Using Data for More than Just Grades

I used to think that research was complicated and couldn’t help me in my classroom. I used to see the Music Educators Journal arrive in my mailbox, flip through, sigh, think to myself – “If I only had time….,” and then add the issue to a growing pile on my dining room table.

I also used to think that research served no purpose for current teachers.

…and then I started using research to back up why I taught my beginning students by rote when an administrator questioned my competency as a teacher. I needed something to back up my teaching decisions to prove to a non-musician that I did, in fact, know what I was doing. It was then that I also realized that there’s probably some research to help answer a lot of questions I had about teaching students.

Jump forward a few years, and now I’m one of those people doing research. Research that can help teachers in the very situation I was in. And I can fully acknowledge that about 90% of the research I’ve done is sitting in a well-organized folder on my desktop. Doing absolutely nothing. And I’m not alone. Professors, graduate students, teachers, Ph.D. students—we all have that folder. Topics we presented that won’t quite work for a research journal. Projects we did for a class. Data collected from students to prepare for yearly evaluations. All these projects took time to complete and could potentially help teachers.

Enter this column. I figured if there isn’t somewhere for all that research to go—if there isn’t a place that can connect research to practice for teachers—then I would have to create it. Well, actually, I figured I could do it with a little help from my friends at F-flat Books.

Published Research Doesn’t Have to be Scary

Have you ever used demographic information to track your student enrollment? Did you realize that your school likely already collects this information? This information is accessible at our schools, but us fancy researchers can also request access to the demographic information for graduating students nationwide.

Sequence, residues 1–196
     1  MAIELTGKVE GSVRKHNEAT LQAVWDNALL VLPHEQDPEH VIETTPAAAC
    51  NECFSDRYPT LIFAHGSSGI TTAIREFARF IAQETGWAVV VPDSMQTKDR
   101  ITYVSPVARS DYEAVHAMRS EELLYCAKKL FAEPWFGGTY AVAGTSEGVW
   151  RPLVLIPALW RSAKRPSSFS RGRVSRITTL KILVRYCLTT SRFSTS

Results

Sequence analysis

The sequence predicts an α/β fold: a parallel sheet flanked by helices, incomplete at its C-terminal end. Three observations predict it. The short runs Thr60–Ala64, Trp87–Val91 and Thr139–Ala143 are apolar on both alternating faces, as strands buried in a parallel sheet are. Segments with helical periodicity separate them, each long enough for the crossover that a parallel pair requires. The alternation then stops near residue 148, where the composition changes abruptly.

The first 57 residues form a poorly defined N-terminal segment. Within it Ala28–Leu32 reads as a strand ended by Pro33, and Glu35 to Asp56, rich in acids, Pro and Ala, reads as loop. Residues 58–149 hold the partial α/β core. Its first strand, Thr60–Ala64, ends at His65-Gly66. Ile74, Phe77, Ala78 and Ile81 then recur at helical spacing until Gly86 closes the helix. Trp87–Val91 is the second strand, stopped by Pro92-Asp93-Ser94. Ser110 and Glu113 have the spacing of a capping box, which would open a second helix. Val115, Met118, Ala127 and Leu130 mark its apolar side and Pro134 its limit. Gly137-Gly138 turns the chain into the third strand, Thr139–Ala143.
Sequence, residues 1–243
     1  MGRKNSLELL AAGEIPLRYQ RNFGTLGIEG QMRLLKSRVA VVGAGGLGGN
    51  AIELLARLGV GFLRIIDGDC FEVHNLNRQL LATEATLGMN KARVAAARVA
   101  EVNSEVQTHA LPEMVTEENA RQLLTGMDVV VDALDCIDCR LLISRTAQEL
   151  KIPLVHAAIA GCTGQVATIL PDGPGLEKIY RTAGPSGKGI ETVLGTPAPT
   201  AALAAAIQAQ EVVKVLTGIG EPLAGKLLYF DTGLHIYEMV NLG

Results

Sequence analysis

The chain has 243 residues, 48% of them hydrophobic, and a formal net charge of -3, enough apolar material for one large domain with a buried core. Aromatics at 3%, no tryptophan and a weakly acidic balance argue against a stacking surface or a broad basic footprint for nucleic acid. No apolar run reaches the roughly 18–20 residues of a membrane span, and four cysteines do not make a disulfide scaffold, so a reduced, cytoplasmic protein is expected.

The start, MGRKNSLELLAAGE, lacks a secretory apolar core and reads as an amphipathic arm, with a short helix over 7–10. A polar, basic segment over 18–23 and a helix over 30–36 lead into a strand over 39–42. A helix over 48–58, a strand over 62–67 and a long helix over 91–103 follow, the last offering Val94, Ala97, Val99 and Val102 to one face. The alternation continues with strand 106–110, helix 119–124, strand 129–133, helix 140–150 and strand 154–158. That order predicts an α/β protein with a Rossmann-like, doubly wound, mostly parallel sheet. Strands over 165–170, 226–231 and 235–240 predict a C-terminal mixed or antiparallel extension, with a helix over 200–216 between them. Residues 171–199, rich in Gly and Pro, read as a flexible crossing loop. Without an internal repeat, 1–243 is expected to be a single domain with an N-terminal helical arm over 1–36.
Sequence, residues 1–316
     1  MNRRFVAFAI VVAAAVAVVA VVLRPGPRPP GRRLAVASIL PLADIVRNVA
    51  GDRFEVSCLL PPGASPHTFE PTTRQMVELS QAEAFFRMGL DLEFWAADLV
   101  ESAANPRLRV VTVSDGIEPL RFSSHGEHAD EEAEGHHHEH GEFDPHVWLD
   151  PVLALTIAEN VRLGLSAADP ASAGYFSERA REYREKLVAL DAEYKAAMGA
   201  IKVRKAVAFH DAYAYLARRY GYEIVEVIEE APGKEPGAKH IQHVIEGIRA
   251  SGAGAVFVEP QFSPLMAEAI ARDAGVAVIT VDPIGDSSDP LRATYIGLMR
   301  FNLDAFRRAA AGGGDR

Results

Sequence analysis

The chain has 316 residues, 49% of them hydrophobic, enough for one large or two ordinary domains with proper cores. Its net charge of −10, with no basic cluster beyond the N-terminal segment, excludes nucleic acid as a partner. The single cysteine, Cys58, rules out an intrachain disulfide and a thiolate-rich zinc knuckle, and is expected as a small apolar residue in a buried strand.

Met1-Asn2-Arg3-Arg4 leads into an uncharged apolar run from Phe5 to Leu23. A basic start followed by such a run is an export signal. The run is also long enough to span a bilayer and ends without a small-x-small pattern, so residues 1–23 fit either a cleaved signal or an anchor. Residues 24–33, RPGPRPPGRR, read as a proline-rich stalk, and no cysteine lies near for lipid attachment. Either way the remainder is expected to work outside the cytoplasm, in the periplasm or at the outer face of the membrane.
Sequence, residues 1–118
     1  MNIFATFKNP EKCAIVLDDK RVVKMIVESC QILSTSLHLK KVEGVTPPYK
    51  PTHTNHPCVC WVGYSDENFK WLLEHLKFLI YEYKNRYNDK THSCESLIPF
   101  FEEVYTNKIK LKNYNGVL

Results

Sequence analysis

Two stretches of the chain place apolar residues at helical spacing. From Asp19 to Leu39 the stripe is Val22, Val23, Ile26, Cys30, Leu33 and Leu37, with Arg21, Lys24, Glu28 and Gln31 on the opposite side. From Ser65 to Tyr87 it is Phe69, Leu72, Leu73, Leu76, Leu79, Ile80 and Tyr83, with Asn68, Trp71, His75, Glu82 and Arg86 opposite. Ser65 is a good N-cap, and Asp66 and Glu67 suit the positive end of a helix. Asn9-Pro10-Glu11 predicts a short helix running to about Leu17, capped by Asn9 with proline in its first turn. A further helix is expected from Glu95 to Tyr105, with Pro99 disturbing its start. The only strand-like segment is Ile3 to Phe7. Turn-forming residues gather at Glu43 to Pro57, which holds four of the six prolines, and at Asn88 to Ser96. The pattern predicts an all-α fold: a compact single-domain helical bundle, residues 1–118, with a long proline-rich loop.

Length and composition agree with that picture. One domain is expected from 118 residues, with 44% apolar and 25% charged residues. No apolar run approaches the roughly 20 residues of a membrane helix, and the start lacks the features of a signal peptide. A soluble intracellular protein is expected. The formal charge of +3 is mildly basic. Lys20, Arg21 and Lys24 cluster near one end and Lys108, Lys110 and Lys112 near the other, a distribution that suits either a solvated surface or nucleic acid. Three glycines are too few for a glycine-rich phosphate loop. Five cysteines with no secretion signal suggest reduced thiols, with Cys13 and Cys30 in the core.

Kenneth Elpus and Carlos Abril1(Elpus & Abril, 2019) looked at data available from the graduating class of 2013 who had enrolled in at least one year of band, choir, or orchestra during their high school career. And they were able to see a lot by looking at similar information from an earlier study of the graduating class of 2004.

What they Found

Elpus and Abril found that 24% of all graduating students in 2013 had enrolled in at least one music ensemble during their high school career. They also found that 3% of students had taken at least one guitar class, 3% had taken at least one piano class, and about eight-tenths of 1% of students had taken at least one music technology class.

The good news is that the 24% of graduates taking at least one music ensemble is higher than the 21% from the class of 2004. This shows a positive trend. We’re (hopefully) moving toward higher musical participation!

So what? Why Should you Care?

Choir was the most popular class at 13% enrollment, band was second at 11%, and orchestra clocked in at just 2%. The gap between 11% and 2% is pretty big. This study doesn’t explain the difference in participation, but it can lead you to ask some questions if your participation looks like this too. It can help you to think more about what types of classes you offer, consider how many music teachers are employed in your district, and most importantly, figure out what music classes are even offered for students to take and when. The numbers are just the numbers. Giving those numbers context involves a bit more investigating.